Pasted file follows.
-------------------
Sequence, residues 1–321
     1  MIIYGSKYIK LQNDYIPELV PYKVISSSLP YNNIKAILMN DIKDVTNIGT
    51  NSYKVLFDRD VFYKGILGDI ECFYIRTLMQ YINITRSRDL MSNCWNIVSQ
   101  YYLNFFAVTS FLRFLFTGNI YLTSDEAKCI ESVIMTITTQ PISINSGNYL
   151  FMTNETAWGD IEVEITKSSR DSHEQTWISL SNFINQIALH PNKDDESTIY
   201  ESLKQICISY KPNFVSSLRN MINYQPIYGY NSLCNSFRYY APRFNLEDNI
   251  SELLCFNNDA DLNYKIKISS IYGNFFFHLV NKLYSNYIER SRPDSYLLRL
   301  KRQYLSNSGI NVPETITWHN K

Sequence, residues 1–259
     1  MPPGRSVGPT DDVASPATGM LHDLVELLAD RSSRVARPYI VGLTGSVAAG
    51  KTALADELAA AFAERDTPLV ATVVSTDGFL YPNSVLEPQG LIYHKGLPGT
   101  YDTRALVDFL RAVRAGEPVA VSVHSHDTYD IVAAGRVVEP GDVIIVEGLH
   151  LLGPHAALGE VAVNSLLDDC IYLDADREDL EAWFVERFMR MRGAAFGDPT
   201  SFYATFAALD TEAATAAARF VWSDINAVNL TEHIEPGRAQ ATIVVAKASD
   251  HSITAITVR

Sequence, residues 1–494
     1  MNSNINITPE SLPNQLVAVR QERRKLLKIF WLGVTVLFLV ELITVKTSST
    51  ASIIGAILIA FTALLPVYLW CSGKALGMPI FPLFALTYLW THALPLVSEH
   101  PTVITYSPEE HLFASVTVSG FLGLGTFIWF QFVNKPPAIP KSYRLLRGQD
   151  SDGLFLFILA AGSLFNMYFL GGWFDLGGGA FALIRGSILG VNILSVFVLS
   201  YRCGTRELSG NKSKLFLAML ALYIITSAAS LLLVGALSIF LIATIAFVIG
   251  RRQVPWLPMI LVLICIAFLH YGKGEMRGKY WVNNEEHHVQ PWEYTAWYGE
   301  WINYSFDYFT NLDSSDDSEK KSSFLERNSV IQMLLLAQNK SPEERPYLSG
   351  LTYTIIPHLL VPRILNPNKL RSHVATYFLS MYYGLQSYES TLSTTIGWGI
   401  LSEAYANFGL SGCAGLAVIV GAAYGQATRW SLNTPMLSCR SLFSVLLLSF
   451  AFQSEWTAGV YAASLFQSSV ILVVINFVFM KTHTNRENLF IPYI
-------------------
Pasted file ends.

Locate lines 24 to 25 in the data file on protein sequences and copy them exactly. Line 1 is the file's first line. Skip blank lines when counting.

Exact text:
   351  LTYTIIPHLL VPRILNPNKL RSHVATYFLS MYYGLQSYES TLSTTIGWGI
   401  LSEAYANFGL SGCAGLAVIV GAAYGQATRW SLNTPMLSCR SLFSVLLLSF